Elim Chapel, Bwllfa Road, Cwmdare
|Cwmdare shown within Rhondda Cynon Taff|
|Sovereign state||United Kingdom|
Cwmdare (Welsh: Cwmdâr) is a village near Aberdare, in Rhondda Cynon Taf, Wales. The village's history is intertwined with coal-mining, and since the decline of the industry in the 1980s, it has become primarily a commuter base for the larger surrounding towns of Aberdare and Merthyr Tydfil and Pontypridd, as well as the cities of Cardiff and Swansea.
The village's name literally translates as "Dare Valley". The Dare (Welsh: Dâr) is tributary that flows down from the Darren mountain, down through the village and on to Aberdare (literally "Mouth Of The Dare"), where it joins the larger River Cynon, one of the largest tributaries of the River Taff.
Before the exploitation of the South Wales Coalfield, Cwmdare was a scattering of a few houses and farms. However, in the 1850s with the Industrial Revolution fuelling the demand for coal, several deep coal mines were constructed in the area, and workers began to migrate there from other parts of Wales, as well as the South West of England.
The influx of miners naturally necessitated the construction of housing to support them, and between 1853 and 1859, the first streets were laid down on the west side of the Dare Valley, which would become the centre of the village of Cwmdare. At the same time, a small collection of houses were constructed on the east side of the valley, near the Merthyr Dare Colliery, known as Pithead. As the collieries grew over the next century, Cwmdare grew with it, with rows of terraced miner's cottages being built to the north-west of the original hamlet to create homes for the expanding workforce.
Cwmdare had four large collieries in operation during its history, all of which had closed by 1977. The Cwmdare, Merthyr Dare and Bwllfa Dare collieries were all sunk in the 1850s, while work began on Nantmelyn Colliery in 1860. Over the next 120 years, the seams in the Maerdy mountain were gradually used up, with Merthyr Dare closing in 1884, Cwmdare in 1936, Nantmelin in 1957, and finally Bwllfa Dare in 1977.
Following the closure of the mines and the decline of coal mining in South Wales, Cwmdare has evolved into a residential satellite of nearby Aberdare, as well as Merthyr Tydfil, Cardiff and Swansea. There are almost no jobs in Cwmdare itself, so most residents commute to one of the larger towns for work.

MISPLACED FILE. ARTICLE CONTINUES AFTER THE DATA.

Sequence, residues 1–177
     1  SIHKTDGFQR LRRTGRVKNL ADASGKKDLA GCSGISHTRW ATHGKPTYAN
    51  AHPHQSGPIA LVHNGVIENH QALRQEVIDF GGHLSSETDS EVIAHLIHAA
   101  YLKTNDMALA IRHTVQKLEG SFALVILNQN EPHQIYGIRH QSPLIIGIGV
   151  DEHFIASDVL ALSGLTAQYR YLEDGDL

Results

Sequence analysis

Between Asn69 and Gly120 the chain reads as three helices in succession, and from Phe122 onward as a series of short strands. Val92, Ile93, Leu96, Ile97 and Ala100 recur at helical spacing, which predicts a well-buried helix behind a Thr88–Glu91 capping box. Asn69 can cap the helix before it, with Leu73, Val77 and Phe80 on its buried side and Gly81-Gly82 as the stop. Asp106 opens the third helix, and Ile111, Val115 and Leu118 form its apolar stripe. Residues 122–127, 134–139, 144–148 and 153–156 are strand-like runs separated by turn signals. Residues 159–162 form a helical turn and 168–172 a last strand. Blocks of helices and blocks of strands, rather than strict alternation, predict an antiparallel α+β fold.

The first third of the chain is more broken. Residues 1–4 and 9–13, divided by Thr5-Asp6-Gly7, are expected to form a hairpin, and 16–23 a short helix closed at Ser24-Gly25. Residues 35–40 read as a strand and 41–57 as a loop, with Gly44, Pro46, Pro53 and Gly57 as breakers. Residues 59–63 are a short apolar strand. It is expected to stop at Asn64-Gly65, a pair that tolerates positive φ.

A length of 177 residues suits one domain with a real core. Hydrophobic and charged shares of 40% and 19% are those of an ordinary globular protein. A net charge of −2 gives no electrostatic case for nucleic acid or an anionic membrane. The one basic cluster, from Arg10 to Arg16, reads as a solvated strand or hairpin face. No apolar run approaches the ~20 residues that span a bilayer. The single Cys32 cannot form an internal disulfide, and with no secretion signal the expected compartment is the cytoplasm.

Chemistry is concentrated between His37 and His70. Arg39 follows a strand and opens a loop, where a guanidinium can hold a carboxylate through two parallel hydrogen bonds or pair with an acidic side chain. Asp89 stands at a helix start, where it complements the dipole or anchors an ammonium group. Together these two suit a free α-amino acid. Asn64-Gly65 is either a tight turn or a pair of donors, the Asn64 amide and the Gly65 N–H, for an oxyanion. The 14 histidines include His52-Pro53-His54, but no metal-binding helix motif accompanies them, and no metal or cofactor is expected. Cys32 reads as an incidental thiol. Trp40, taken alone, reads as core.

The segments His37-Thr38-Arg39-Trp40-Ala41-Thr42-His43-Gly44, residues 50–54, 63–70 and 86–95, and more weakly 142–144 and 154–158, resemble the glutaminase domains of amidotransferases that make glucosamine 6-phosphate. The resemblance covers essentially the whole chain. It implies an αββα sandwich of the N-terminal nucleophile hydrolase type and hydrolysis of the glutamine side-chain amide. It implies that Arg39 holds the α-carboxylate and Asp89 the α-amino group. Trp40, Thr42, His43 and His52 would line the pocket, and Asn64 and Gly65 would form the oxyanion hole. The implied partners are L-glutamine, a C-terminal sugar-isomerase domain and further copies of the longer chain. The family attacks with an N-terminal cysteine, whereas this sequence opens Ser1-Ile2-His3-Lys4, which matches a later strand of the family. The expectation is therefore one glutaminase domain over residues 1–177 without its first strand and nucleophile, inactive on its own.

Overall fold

Due to the redevelopment of the Dare Valley area in the 1970s, Cwmdare has become an attractive commuter village due to its proximity to both of Wales' major urban centres, Cardiff and Swansea, good transport links, and the attractive scenery. As a result, an explosion of new-build housing has seen the population expand exponentially, covering most of the east side of the Dare Valley, almost down to the river Dare itself.
Despite its increased population, Cwmdare has few local amenities, and most residents rely on nearby Aberdare for most things. It does however have a local shop, post office, and a pub, The Ton Glwyd Fawr Inn on the village square. In addition, as a reflection of the strong history of Nonconformism in South Wales mining areas, it has several chapels - Nebo, Elim, Gobaith and the Cwmdare Mission, as well as the Church In Wales St Luke's Church.
Cwmdare is also home to a variety of local schools, the oldest of which is Cwmdare Primary School, a respected English-language primary school that teaches around 260 pupils from the ages of 4-11. In addition to this is Maesgwyn School, a school for pupils aged 11–19 with moderate learning difficulties, and Ysgol Gynradd Gymraeg Aberdâr – a Welsh-language primary school that serves the upper Cynon Valley.
Dare Valley Country Park
Main article: Dare Valley Country Park
In 1970, following the closure of all but one of Cwmdare's deep coal mines, it was decided that the landscape, on the west side of the valley, having been destroyed by the mining industry for more than a century, should be returned to its original state. For the next two years coal and slag tips were cleared, the River Dare was re-routed and the small mining hamlet of Pithead was demolished and two artificial lakes were created.
In 1973, the work was completed, and Dare Valley Country Park was opened to the public. It comprises 500 acres (2.0 km2) of woodlands, pasture and moorland mountainside. Paths and bridges make the area popular with walkers, families and dog-walkers, while those with an interest in industrial history can still find evidence of the area's mining past dotted about the landscape, including an old pit wheel, erected as a monument at the site of the Bwllfa Dare pit.
In 1985 a visitor's centre and camp site was built near the site of the old Merthyr Dare colliery – it features a cafe, campsite and 15 visitor rooms, as well as an exhibition that tells the story of Cwmdare's industrial and natural heritage.
Callum Power - A Legend
- Cynon Valley
- Dare Valley Country Park
- Aberdare High School
- PD Ports
- Mordecai Jones
- Iorwerth Thomas